Should we give Bill Clinton a tenured professorship?
Hans Noel flunks this test and says no:
I don’t think Clinton should be given a “tenured professorship.”+ Not because of his lack of a Ph.D. per se, but because, smart as he is, Clinton is not a scholar. He doesn’t do research. He is not in the business of contributing to the store of human knowledge. If Clinton is given a job as a tenured professor, what would he do? A “tenured professorship” is not a plum given to reward success. It’s an actual job.
The job of a professor is not the same as “being smart.” Academics write those pesky obscure papers that Kristof finds impenetrable and irrelevant because that’s how we learn things. The demands for publication may have perversities, but it is what drives people to do research.
I would offer a tenured professorship to any ex-President who is willing to spend real time with students and academic programs. That would be in a public policy school, a public administration department, a university-wide appointment, or even a political science department. A class actually taught by Clinton, even half of the time with another professor doing most of the actual work, would be fascinating. And if you don’t like Clinton, or don’t think he is smart (not my view at all), consider this a student’s chance to see the (ex) emperor with no clothes, which is itself a learning experience.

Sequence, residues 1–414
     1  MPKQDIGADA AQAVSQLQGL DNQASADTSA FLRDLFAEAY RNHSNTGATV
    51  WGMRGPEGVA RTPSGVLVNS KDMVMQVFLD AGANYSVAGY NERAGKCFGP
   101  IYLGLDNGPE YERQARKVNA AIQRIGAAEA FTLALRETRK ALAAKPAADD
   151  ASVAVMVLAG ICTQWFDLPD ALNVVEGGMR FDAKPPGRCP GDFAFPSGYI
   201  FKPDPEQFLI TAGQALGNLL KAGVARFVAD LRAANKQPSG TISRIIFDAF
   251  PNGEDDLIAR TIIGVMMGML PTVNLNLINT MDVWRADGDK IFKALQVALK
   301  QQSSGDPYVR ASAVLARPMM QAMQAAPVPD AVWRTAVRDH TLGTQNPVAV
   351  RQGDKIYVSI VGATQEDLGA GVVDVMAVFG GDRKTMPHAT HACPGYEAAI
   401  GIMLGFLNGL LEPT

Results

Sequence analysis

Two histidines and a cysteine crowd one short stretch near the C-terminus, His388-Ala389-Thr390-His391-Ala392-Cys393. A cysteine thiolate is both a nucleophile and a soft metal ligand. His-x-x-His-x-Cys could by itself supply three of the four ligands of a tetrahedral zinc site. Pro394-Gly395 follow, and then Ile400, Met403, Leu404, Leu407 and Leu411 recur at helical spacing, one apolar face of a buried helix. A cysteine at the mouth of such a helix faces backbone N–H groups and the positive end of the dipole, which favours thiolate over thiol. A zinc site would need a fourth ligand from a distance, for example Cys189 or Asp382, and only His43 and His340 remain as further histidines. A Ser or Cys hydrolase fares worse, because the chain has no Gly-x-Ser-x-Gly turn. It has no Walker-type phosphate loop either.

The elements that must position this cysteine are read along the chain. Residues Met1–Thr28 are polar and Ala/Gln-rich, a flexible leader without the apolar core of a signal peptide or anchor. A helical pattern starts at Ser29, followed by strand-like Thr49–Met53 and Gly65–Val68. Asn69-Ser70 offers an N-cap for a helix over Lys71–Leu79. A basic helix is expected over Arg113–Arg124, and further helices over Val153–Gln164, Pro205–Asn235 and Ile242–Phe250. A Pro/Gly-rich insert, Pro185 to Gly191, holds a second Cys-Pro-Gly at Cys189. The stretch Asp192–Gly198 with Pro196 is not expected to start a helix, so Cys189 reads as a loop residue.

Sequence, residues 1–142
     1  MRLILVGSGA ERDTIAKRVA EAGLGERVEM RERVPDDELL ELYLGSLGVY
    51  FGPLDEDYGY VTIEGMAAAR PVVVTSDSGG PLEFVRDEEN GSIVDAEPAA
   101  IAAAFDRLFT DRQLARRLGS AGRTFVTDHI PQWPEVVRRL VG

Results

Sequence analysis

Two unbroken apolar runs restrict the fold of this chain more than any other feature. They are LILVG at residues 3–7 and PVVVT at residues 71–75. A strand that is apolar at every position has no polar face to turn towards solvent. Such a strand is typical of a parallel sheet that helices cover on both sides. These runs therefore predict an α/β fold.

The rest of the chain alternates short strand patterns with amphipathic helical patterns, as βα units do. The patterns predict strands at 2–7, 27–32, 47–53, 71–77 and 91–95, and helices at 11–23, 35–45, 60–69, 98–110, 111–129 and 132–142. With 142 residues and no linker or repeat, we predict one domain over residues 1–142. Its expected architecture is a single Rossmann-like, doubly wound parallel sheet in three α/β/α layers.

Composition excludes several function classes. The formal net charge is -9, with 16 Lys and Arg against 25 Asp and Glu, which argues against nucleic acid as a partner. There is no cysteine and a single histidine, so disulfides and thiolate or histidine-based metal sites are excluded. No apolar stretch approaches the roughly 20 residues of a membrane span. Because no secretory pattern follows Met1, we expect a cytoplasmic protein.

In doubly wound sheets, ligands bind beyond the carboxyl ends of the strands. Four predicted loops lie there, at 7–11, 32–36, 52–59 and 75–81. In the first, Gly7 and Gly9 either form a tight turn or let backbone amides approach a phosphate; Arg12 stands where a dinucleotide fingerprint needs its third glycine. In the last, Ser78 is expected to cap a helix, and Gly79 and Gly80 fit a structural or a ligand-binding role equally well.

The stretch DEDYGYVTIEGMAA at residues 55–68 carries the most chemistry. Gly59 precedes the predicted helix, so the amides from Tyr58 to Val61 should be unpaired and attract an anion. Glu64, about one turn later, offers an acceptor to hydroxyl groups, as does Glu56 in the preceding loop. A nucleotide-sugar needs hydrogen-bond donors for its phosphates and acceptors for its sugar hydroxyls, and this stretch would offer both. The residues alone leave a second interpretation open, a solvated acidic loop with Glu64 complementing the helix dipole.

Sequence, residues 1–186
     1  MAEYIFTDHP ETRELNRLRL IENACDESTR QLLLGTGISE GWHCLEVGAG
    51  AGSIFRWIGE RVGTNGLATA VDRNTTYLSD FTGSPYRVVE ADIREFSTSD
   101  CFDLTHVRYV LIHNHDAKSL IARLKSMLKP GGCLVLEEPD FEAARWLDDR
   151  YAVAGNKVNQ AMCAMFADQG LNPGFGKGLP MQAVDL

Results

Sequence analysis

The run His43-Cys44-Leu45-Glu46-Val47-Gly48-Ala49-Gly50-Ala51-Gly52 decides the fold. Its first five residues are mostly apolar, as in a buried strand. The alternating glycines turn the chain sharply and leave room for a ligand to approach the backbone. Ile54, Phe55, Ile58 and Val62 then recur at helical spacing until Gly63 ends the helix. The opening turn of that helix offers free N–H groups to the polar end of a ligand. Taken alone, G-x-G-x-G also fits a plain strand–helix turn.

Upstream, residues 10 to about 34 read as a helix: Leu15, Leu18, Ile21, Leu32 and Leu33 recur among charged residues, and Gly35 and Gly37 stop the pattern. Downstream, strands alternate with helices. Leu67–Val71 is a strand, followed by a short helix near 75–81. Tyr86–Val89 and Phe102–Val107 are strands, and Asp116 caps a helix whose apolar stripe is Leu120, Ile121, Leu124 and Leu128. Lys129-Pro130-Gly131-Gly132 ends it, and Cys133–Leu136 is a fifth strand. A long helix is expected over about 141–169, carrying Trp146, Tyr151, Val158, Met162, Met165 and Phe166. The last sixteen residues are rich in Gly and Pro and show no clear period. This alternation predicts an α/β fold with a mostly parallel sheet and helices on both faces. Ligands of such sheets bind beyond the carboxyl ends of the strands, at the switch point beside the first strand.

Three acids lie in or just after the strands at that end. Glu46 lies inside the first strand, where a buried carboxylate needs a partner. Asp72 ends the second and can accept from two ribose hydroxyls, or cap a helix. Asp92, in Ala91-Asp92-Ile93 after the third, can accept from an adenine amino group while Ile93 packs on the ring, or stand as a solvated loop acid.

I know people who have had Obama as professor — before he was President of course — and loved him, and not for partisan reasons.
Have I mentioned that universities tenure plenty of people who don’t do research? Check out your music department, for a start, or Fine Arts. Or (very likely but not always) your business school.
I recently read Noel’s book on political polarization and enjoyed it, especially his discussion of how intellectual elites have led the process of polarization. Still, I would trade in having read that book for a five minute chat with Bill Clinton.
Addendum: I also would offer a tenured professorship to any ex-President who is not willing to spend real time with students and academic programs. The job offer would more than pay for itself, given the money it would bring into the university, directly and indirectly. Most universities support athletics programs, and pay the successful coaches millions more than any other state employee earns — can they not find room for a former Commander in Chief or two?